Rob: That’s fascinating. This really lines up with what several of the B2B SaaS companies that are growing like a B2C companies, they have superpower growth are companies like Slack where they have the bottom up approach. That’s been a big thing where a small team of three or four starts using it and then another team of ten and then a team of 20 and suddenly the IT department’s like wait, we need single sign on. We want to manage it. We want an annual contract. We want a paid version, and they want to bring it under the corporate umbrella. That’s in essence what is working for them. A big part of that is a really inexpensive or a free tier, frankly, because that allows people to use it. Once they’re in it, you have the champion, much like you’re saying. I was looking at an app, I have no idea what it was but it was a SaaS app. They had a free tier and then their pricing started at a thousand dollars a month and up. It was like they know their customers because they know that people want to try for free, get used to it. If it’s valuable, it was worth $1000 a month. It was some type of enterprise type tool that, again, I don’t recall what it was, but that’s when you know that someone has thought it through and not just said well, I’m going to have free. Isn’t it usual that you do like a $50, $100, and $200 dollar plan? It’s kind of the basics. Someone has really refined and honed it and that is an obvious advantage both for companies like Slack and even for bootstrapped assets like yourself. Mathias: Yeah, I say from a pure economics and finance perspective, I think a lot of things we do will be a lot simpler, but it’s a bunch of plans we can so predict MRR things like that. Having this pay as you go tier means that basically the revenue from each customer can vary like crazy depending on their usage. But I feel like that’s also a cornerstone of the foundational part of the company and how we started out. We really, truly believe that anybody should be able to afford this. One of the reasons why we founded this company was because we had this issue where using another very public geocode provider, you code 2500 addresses per day and if you needed, say, 3000 addresses per day, we had to do like an annual $50,000 a year contract or something crazy like that. There was nothing in between. Having this pay as you go tier for us means that, you can just pay an extra $5 a month or whatever for the additional data and not have to lock yourself into a high priced tier. That is just so important and something real. We promised everybody who’s asking, no, we’ll never give it up, we can’t. It’s just so important that there’s room for the little guys and the big ones, too, right?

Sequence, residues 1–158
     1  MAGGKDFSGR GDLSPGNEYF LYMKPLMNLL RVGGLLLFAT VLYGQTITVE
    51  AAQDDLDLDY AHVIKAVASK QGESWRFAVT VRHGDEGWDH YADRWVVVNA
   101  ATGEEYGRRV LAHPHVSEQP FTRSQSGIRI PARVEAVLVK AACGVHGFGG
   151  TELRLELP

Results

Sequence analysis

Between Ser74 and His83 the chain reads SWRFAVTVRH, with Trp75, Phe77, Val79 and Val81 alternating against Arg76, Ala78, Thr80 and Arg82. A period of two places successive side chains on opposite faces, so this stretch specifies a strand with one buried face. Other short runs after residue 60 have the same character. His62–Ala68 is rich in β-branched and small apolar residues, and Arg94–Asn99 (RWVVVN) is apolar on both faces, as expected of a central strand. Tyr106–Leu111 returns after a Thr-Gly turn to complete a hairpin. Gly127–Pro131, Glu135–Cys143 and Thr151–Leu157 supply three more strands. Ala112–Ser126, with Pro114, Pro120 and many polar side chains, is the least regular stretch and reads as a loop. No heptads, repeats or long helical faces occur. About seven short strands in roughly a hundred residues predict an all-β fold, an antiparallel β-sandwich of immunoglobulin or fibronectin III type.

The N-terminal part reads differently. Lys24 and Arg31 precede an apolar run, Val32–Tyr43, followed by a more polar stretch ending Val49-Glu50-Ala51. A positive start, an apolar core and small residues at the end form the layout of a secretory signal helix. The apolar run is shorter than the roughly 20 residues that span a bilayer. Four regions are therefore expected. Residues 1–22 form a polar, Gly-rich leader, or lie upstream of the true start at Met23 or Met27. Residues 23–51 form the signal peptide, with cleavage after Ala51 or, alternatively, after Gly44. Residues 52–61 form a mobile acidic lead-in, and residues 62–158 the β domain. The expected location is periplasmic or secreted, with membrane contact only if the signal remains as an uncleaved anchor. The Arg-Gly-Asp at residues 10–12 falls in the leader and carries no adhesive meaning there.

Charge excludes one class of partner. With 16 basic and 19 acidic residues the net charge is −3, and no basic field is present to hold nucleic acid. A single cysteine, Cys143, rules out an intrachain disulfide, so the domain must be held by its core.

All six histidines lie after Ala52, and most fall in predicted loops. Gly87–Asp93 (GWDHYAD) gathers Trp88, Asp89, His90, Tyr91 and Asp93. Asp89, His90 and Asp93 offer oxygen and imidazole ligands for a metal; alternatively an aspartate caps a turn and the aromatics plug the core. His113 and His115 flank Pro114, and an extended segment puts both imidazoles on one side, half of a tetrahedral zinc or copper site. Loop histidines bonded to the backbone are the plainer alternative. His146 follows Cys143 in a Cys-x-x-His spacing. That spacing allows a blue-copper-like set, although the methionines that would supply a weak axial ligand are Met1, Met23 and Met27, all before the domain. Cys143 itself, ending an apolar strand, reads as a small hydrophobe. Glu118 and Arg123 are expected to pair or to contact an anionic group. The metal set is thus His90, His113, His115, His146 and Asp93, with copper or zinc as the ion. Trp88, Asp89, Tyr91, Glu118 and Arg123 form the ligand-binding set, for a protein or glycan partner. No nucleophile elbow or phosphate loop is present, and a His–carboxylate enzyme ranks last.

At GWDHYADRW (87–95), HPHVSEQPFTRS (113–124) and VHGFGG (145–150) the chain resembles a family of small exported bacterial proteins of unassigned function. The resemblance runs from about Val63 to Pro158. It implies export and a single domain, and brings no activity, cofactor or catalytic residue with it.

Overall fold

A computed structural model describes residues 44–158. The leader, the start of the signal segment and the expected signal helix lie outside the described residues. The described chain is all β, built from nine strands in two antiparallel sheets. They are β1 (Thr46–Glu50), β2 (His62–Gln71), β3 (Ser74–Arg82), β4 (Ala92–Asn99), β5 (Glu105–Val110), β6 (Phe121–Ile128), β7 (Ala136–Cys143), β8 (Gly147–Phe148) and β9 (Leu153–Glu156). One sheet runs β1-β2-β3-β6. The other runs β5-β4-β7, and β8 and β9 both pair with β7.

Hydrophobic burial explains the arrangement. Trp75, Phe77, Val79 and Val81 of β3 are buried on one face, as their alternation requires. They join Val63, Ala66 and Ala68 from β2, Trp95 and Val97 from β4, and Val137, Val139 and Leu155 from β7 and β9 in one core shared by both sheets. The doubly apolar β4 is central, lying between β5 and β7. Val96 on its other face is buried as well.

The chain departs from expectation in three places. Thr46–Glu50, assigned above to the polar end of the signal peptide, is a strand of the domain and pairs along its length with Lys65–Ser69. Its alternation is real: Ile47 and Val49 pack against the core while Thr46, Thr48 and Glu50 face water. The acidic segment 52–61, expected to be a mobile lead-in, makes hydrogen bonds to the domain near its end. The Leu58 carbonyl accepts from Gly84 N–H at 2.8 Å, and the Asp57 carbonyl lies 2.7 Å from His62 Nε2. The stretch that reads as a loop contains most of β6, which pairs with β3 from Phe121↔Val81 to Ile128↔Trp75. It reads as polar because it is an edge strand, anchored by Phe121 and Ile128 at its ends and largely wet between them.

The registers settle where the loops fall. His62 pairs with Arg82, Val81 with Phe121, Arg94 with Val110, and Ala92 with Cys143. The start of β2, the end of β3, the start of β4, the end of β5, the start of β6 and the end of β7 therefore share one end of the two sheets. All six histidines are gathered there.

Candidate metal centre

Michele: It’s funny sometimes when I’m talking to people, I’m surprised by how often I’ll hear someone say oh, we’re only using you guys for $20 a month. I feel so bad. Is there a way we can pay you more? Which is always kind of a funny thing. Or my boss is really cheap, and I’m like that’s fine, it’s totally fine. Some people only need $20 a month worth of usage, but maybe they’ll go on to a company someday where they actually need $1000 a month of usage or they need it for free. You just never know and it’s not just a relationship with a company, it’s a relationship with a customer and with a person. We just so strongly believe that if you meet them where they are, that will be beneficial for everyone, and may not be always financially, and we’re totally okay with that.
Rob: That’s the beauty of bootstrapping or frankly, just being in control of your company and not having to optimize for growth to the extent that you can’t have that attitude. If that’s what makes you happy as a founder, and you’re happy with your growth, and you’re happy with the way you run your business, that’s why we start companies, so we can be in control of how we treat our vendors, our customers, our investors if we have them, and our team members as well. I think a control thing that I think a lot of folks don’t remember or perhaps they forget as they do it. Well, guys, we are hitting time here. I want to really thank you guys for taking time to chat with me today about Geocodio and your story and all the things you’ve been up to. If folks want to keep up with you, Michele, you release every week on this Software Social Podcast with Colleen Schnettler and on Twitter, you are a prolific tweeter at @mjwhansen and Mathias, you’re @MathiasHansen, but we’re going to put both those in the show notes because spelling Mathias is not perhaps as phonetic as one might think. Thank you guys again for coming on up to Startups for the Rest of Us.
Michele: Thanks so much. Mathias: Thank you so much for having us.
Rob: Thanks again to Michelle and Mathias. Really appreciate them taking the time to have that conversation with me. I hope you.got a lot of value, maybe a little bit of inspiration, some strategies, tactics for yourself.